James O. Goldsborough

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James Oliver Goldsborough (born 1936) is an American journalist and author, born in New York City of a family with roots in Pittsburgh. Brought up in Los Angeles, he graduated from UCLA with a degree in economics. After serving two years in the U.S. Army he attended UC Berkeley Law School and Mexico City College.


He has worked for the San Francisco Examiner, Honolulu Advertiser, Arizona Republic, New York Herald Tribune, International Herald Tribune, Toronto Star, Newsweek, San Jose Mercury News, and San Diego Union-Tribune, winning numerous awards along the way. He was the Edward R. Murrow fellow at the Council on Foreign Relations in 1973-'74 and senior associate at the Carnegie Endowment for International Peace in 1979-'83, where he published Rebel Europe: Living with a Changing Continent, called by Los Angeles Times reviewer Charles Champlin "the most important book I have read in years."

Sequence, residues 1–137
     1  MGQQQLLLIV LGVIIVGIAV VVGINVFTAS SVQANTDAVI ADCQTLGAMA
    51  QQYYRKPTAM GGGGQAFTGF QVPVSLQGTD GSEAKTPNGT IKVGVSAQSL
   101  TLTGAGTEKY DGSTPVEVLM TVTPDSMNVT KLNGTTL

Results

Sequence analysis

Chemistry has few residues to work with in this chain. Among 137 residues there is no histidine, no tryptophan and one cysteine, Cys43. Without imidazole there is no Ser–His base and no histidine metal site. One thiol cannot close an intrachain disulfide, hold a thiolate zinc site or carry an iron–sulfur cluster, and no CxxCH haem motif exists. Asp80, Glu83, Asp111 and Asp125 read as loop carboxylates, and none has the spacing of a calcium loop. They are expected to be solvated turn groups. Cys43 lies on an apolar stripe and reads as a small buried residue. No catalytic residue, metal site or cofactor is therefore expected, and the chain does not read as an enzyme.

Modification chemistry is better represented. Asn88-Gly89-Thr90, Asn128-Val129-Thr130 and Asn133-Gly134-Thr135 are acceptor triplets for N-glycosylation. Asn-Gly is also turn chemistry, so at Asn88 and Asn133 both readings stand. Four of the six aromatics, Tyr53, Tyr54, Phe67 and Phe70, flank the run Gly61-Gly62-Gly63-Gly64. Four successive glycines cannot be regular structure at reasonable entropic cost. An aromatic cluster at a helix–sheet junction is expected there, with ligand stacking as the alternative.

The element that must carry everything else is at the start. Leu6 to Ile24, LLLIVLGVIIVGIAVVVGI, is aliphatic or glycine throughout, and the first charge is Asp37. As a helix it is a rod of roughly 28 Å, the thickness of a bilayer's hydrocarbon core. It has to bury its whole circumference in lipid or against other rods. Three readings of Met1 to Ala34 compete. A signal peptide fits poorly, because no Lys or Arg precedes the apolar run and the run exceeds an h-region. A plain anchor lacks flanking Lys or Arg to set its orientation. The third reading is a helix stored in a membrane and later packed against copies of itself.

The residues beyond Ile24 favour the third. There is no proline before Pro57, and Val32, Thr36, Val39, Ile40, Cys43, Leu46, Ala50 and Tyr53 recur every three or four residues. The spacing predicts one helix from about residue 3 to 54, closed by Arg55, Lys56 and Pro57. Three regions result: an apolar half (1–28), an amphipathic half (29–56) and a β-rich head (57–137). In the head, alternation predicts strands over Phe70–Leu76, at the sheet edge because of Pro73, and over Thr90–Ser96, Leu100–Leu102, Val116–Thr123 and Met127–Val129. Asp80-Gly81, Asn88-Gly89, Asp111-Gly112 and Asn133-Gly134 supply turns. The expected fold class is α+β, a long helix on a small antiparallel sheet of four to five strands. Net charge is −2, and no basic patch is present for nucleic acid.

He is author of numerous articles on foreign affairs for Foreign Affairs, Foreign Policy, the New York Times Sunday Magazine, Fortune, and the Reader's Digest. He was written monographs for the Chicago Council on Foreign Relations, the Stimson Center and Politique Etrangère. His history of negotiations among the New York Times, Washington Post and Whitney Communications to form the International Herald Tribune was published in the July/August 1974 edition of the Columbia Journalism Review. In 2008, his family memoir, Misfortunes of Wealth, about the great fortunes made by the steel families of Pittsburgh, was published by The Local History Company. The Paris Herald, a fictional account of the creation of the International Herald Tribune in 1967, was published in 2014, followed by Waiting for Uncle John in 2018, an historical novel about the first U.S. invasion of Cuba, the so-called Lopez intervention of 1851.

Goldsborough became editorial page editor of the San Diego Tribune in 1991, and from 1992 to 2004 was foreign affairs columnist for the San Diego Union Tribune, resigning from the newspaper in December 2004 over the publisher's killing of a column explaining why Jewish voters overwhelmingly cast their presidential ballots for John Kerry. The article was subsequently published in the New York The Jewish Daily Forward under the headline "Too Hot for San Diego."


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